26 January 2010

A recipe for Rillettes de Touraine

A couple of my blogger friends, Susan (Days on the Claise) and Martine (Wishing I were in France), have posted recently about the Touraine spreadable meat specialty called rillettes. I wish we had a better name for rillettes than the only one available, which is "potted meat" — that doesn't sound appetizing.

I guess the French word is our best option. Pronounce it [ree-YEHT] and in English I would pronounce the final S — it's a plural noun. On dit « des rillettes ». And they are easy to make. The cooking time is long, but the process is simple. Here's a recipe from a book called Cuisinière du Val de Loire — the Loire Valley Cook.
Rillettes de Touraine

1 lb. (500 g) fresh pork fat
4½ lbs. (2 kg) pork tenderloin
2 cups (500 ml) Vouvray or other dry white wine
Salt and pepper to taste

Start by lightly sautéing the pork fat, cut into fine dice, in a thick-bottomed pot. Then add the pork tenderloin cut into small pieces. Season with salt and pepper, add the white wine, and let it all simmer, covered, on very low heat for three hours. Stir it frequently with a spoon so that the fat and lean meats melt together completely.
Pack the rillettes into one large or several smaller ramekins. When they've cooled, pour on a little melted fat (lard, for example) to cover, and store them in the refrigerator. Or, instead of liquid fat, press a piece of parchment paper, cut to size, onto the surface of the rillettes.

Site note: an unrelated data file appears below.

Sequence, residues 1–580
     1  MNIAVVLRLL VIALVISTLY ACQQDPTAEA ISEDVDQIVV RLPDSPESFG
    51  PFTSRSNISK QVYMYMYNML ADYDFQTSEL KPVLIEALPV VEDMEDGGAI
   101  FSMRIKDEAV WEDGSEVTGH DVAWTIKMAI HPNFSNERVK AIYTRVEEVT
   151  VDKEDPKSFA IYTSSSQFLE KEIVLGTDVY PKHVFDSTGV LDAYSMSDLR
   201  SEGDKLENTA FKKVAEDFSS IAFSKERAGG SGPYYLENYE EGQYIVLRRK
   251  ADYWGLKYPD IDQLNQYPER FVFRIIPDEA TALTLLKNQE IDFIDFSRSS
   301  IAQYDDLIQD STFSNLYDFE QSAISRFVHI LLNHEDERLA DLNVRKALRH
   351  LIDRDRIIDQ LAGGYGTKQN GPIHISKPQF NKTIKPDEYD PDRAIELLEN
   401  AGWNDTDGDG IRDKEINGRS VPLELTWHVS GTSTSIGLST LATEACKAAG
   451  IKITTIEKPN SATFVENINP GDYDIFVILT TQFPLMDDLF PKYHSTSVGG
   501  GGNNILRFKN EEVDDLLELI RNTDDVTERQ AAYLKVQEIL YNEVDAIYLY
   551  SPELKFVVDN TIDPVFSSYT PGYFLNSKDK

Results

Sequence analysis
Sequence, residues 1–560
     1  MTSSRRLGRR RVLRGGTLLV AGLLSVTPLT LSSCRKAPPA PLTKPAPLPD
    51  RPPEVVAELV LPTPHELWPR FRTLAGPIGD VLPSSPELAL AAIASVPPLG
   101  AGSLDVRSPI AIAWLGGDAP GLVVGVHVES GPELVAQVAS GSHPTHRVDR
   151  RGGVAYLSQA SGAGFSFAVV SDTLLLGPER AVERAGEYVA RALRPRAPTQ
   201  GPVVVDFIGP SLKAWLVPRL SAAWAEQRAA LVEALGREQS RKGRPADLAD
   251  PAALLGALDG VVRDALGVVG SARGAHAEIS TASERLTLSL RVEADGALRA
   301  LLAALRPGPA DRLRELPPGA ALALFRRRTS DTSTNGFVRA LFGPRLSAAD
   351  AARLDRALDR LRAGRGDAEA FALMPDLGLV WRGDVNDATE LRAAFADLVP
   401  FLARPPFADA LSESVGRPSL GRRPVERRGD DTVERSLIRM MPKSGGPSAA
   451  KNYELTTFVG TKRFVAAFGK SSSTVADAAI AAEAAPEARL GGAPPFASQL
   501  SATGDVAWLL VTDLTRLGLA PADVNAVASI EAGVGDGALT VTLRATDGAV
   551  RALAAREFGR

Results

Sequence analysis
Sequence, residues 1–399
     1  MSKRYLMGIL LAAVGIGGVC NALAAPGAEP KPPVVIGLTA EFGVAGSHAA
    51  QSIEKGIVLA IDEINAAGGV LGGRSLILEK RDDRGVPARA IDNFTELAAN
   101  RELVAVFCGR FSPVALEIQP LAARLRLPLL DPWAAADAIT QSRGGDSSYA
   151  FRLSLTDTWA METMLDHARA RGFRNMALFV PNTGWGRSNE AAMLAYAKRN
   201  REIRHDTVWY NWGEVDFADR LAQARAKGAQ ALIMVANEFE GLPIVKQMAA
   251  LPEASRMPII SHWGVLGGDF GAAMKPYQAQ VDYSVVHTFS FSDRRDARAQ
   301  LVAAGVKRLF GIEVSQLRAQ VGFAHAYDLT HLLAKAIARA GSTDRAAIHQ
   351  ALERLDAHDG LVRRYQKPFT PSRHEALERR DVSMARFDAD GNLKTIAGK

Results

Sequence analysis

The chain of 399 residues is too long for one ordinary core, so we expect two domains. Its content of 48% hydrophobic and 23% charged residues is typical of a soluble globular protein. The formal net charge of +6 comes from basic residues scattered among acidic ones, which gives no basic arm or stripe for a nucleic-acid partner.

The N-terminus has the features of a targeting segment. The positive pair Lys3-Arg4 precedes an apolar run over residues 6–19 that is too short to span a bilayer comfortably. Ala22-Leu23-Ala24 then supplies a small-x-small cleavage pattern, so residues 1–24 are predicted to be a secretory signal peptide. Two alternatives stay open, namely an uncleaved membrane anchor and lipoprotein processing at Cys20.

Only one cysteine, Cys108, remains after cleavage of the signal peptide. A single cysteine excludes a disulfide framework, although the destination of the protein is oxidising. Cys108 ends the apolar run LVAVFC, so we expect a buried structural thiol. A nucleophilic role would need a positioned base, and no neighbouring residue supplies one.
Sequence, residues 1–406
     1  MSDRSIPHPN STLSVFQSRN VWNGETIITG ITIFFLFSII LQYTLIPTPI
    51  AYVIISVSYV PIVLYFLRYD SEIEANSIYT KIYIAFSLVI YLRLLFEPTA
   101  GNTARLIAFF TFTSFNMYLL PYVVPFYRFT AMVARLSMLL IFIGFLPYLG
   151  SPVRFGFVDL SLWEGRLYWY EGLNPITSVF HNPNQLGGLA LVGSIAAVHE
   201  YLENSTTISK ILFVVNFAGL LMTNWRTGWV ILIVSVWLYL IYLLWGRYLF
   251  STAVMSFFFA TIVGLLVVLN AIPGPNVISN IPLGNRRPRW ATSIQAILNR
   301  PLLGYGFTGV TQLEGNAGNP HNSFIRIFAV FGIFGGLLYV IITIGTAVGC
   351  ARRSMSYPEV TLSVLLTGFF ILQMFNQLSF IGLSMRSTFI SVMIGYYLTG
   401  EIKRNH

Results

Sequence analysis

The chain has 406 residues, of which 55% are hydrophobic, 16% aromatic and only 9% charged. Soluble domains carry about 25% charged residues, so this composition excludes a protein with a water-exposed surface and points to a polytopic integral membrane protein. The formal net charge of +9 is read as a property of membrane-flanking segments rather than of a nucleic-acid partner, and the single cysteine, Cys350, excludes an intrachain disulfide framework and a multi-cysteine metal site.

The recipe in French, from the book
Cuisinière du Val de Loire, published in 2007.

For more flavor, add a whole, unpeeled clove of garlic (or more) and a little fresh or dried thyme (or other herb) to the pot while the pork tenderloin cooks with the fat. Remove the garlic and any thyme stems before packing the rillettes into ramekins.

The layer of liquid pork fat (lard) your pour over the top of the rillettes will harden as it cools and will act as a seal to protect the meat from oxidizing. Cover the ramekins with plastic wrap or put them in zip-top plastic bags, in the refrigerator. For long-term storage, keep pots of rillettes in the freezer.

Don't be afraid of the pork fat. It's not much — maybe 20% of the total weight — and that's about the same amount of fat there is in a hamburger patty or a piece of cheese. One way to control the fat content of the finished product is to remove the shredded meat from the pot with a slotted spoon at the end of the cooking, leaving much of the fat behind. Then add back in enough fat to get the consistency you want.

Rillettes are not a main course but an appetizer or hors-d'oeuvre to enjoy with a glass of wine before dinner. You don't normally eat an enormous quantity of them. Spread the potted meat on toast or French bread and serve with sour gherkins (in French, cornichons) or olives. In other words, serve and eat rillettes just as your would a pâté.

Rillettes are a more "noble" product than pâtés, in a way. They are made with the best cuts of lean meat. Pâtés are often made from lesser cuts of meat, with generous portions of liver and other organ meats, a good amount of fat, some eggs, and herbs and spices.